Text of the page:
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Pioneer Woman Africa-style

I went to bed last night around 1:00 am. Woke up at 4:00 am and could not go back to sleep. Jet lag – 1 Katie – 0. So I decided to have a bowl of ice cream at 5:30. I was hungry and it sounded good. Don’t judge. Around 6:30 I decided it might be a good idea to be productive today. I have a lot to do and the fall semester is sneaking up on me quickly. But for now, my version of productivity is to blog. And drink coffee. And pray that this day won’t be as rough as I think it is going to be. Since I literally do not function on less than 8 hours of sleep, this is bound to be ugly. Please pray.

Africa was awesome. Like going home. It felt almost as good going back to Africa as it did to go home to South Georgia. Almost. We spent the first week doing a day camp for the 55 children I worked with while I lived there.  We rotated them through Math, English, hygiene, and crafts in small groups and then corporately we shared a story with them and had a recreation time. I translated for the English classes and further confirmed what I already knew to be true – I have absolutely zero business being a teacher. I do not like it. I am not good at it. It makes me nauseous. I’m really glad I am not a teacher.

Grimy little hands. Snotty little noses. Dirty little feet. Little flies buzzing around crusty little faces. Little eyes desperate for attention. I missed all those little hands and eyes and faces. Judging by the way they petted me like a long lost puppy, I think they might have missed me too. My arms were literally rubbed down, stroked, patted, and petted from my shoulder to the tips of my fingers. They made sure to cover every square inch of my arms and hands with any germs or diseases they might be carrying on their unwashed hands. Thanks guys. I wanted to carry all of Africa’s diseases back to America with me. ‘Preciate it. Truth be told, I could have cared less what germs they rubbed on me, because for one I am not a germaphobe at all, but secondly I love those kids and would take any chance I had to show them that, even it if it meant carrying TB back to America in my lungs.


As for the camp as a whole, the kids loved it. I don’t think they knew what had hit them. Never in their lives have people payed so much attention to them, loved on them so much, prayed for them so diligently, played with them so fervently, or so willingly sacrificed their clothing to glue-crazed 4 year olds doing crafts. If you had told me a year ago that doing an event like this in that town with those children was possible, I wouldn’t have believed you. But the team that came to do the camp did a fabulous job preparing the lessons, rotations, snacks, and recreation. They thought of everything! I’m afraid Africa has forever ruined me on being as prepared as I used to be for things – and all of America just let out a collective sigh of relief, cause lets be real, I can be a tad uptight about plans. I learned in Africa that you can be as prepared as you want to be and nothing will go as planned. Somewhere along the way, I gave up and tried to be go with the flow. I’m glad this team didn’t give up and they put together a wonderful camp and experience for these children! Thanks for not being a quitter like me guys.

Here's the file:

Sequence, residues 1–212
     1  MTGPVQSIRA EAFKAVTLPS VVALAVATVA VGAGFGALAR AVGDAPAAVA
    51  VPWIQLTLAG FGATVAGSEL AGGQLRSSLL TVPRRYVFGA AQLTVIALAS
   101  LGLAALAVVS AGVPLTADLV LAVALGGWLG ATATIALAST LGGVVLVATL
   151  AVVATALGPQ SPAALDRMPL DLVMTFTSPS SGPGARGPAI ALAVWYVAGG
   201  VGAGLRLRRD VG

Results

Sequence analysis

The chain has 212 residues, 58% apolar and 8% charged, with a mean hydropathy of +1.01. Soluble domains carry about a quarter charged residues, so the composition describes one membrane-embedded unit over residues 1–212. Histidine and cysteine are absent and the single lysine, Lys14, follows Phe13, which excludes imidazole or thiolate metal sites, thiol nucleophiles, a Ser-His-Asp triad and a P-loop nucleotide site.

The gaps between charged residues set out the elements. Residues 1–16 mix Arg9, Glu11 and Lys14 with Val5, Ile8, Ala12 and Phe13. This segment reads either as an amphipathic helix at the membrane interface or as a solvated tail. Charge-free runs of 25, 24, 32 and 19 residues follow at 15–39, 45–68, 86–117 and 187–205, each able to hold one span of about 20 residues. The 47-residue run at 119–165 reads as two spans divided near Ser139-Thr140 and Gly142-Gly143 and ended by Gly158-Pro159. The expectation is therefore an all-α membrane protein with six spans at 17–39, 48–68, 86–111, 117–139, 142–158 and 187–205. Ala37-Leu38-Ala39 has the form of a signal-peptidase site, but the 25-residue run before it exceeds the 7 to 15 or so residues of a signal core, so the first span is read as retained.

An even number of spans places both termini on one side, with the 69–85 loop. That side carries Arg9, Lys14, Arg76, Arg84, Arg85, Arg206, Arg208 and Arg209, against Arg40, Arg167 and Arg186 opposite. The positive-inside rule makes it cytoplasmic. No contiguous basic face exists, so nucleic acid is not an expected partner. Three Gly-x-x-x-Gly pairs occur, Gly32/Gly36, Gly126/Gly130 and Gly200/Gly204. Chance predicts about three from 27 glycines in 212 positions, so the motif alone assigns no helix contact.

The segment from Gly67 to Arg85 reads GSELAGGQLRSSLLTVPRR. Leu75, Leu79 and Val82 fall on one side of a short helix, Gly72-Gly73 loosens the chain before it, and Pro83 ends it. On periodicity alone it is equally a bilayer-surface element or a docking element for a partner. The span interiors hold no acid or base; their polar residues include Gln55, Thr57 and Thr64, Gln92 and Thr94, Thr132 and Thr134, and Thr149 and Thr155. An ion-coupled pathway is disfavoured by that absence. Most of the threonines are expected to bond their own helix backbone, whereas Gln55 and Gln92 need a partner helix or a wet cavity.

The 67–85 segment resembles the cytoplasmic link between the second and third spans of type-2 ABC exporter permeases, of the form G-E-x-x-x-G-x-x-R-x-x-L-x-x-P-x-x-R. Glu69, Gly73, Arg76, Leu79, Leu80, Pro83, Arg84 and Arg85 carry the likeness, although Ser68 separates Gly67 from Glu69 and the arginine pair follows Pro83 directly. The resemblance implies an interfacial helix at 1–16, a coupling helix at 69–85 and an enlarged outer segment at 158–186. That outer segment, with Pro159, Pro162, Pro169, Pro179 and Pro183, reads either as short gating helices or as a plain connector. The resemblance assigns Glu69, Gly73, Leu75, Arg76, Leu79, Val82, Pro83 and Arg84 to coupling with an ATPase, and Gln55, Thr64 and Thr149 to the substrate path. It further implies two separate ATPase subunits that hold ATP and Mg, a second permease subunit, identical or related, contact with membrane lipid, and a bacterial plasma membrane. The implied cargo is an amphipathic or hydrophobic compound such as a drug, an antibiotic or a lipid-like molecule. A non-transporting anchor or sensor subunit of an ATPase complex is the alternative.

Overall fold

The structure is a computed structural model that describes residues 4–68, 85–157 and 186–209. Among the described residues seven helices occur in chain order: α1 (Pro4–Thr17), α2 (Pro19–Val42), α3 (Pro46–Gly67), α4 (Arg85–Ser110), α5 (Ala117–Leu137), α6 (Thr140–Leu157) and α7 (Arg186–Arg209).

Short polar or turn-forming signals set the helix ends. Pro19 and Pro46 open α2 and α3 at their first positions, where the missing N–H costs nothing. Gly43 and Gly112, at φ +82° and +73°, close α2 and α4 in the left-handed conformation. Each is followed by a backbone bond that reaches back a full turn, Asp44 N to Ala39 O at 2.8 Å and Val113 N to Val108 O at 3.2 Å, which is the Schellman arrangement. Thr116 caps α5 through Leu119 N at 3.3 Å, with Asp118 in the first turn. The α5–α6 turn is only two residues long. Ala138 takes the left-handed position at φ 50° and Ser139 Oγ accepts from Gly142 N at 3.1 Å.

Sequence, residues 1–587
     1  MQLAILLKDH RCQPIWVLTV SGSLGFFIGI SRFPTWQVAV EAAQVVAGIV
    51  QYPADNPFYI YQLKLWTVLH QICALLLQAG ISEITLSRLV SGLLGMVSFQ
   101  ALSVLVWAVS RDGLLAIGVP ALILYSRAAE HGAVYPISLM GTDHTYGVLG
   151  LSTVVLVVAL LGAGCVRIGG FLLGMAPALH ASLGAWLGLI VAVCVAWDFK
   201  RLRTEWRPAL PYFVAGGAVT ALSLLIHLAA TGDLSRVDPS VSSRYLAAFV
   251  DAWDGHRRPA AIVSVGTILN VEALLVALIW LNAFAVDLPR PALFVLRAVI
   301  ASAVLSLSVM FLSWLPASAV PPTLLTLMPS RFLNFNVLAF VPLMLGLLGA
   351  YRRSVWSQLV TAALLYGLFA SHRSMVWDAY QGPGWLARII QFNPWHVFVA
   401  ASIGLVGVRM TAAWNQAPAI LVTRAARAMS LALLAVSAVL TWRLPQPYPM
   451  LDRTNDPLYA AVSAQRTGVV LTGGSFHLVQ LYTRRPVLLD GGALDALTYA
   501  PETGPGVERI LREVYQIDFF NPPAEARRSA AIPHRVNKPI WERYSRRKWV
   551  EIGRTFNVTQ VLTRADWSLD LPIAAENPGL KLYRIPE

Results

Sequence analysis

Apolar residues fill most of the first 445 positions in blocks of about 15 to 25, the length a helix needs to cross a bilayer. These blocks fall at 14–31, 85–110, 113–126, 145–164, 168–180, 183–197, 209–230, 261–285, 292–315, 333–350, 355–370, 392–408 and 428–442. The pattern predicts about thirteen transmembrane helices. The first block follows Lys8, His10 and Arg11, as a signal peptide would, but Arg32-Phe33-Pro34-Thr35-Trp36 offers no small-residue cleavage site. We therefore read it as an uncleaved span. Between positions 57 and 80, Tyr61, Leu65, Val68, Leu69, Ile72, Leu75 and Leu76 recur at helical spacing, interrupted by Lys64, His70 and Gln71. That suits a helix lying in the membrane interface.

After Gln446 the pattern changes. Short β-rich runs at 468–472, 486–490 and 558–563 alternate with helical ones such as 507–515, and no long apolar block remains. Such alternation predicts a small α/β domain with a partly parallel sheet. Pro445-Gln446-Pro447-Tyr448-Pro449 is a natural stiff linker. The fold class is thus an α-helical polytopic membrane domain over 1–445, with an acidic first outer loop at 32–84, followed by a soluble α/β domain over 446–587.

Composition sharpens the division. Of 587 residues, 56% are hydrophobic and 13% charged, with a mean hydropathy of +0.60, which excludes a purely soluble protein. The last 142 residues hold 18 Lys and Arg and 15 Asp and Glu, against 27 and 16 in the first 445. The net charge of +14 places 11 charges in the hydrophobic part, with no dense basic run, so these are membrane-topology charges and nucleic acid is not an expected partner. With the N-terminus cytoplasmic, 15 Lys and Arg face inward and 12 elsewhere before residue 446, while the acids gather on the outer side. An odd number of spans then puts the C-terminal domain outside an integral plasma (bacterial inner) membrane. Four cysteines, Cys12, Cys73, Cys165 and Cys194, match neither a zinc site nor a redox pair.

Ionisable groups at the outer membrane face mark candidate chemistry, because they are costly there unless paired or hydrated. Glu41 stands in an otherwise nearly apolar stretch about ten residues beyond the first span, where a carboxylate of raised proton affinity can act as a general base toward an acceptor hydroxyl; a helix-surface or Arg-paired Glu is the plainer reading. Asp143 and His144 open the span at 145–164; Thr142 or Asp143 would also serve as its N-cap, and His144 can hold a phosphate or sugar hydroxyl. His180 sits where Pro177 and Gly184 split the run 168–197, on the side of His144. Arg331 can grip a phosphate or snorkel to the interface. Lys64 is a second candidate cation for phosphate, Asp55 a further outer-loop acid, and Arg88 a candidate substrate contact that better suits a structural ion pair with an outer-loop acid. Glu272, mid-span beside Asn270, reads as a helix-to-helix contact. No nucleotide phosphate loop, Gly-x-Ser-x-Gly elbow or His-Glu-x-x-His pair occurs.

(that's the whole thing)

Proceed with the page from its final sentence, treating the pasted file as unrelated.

Once the team left, I hung around for a couple of days just to give my supervisors a reminder of what life was like in Hyena Town with me around. Just in case they had forgotten what it was like to be around someone who cries a lot. Tears. Lord help me (and them) the tears that fell. But when asked the question, “Katie, what is it that you want to do in life?” what else can result from that but tears. I don’t know. I just don’t know. Crap, if I knew, I reckon I’d be doing it. But, heck, I’ve been wondering since I was 22. It appears school is what I succeed at, so I have spent much of my adult life doing that, but now seminary has blown even that theory out of the water. So, yeah. I’m going big places here guys. Big places. And eating ice cream in my bed at 5:30 in the morning is getting me there real quick-like.

On my way to Africa, I downloaded Pioneer Woman’s Black heels to Tractor Wheels and have been reading it voraciously the past week or so. I think I have figured out what I want to be when I grow up. I want to be The Pioneer Woman. I want to meet and fall in love with a mysterious cowboy. I want to live on a ranch in Oklahoma. I want to raise little cowboy babies. I want to cook cowboy food. And then I want to blog about it and look cute while doing it. Just a couple of little problems with this career choice: No cowboy and no ranch, so consequentially, no cowboy babies and no blog about my awesome ranch life. But there is still hope. The Pioneer Woman wasn’t planning on doing any of this stuff when she was close to my age and look at her now. She was the daughter of a doctor, a vegetarian, and a lover of big city life and she ended up on a cattle ranch. She didn’t even want to be there and she got there! How much more likely are my chances. I look at her life and know in my heart that it should be mine. I find myself envious, jealous even. And then I remember that is coveting and coveting is a sin and I repent and remember that God has been good to me, ranch or no ranch. It could still happen though. Just sayin’. Although, truth be told, the life trajectory that I am on is much more likely to land me in a mud hut in Africa than on a ranch in Oklahoma…but I’m ok with that too.

For now, it appears I will remain a wannabe seminary student, God seeker, and Africa goer and just see where that path takes me. A ranch in Oklahoma or the plains of Africa, only He knows and I will rest in that.

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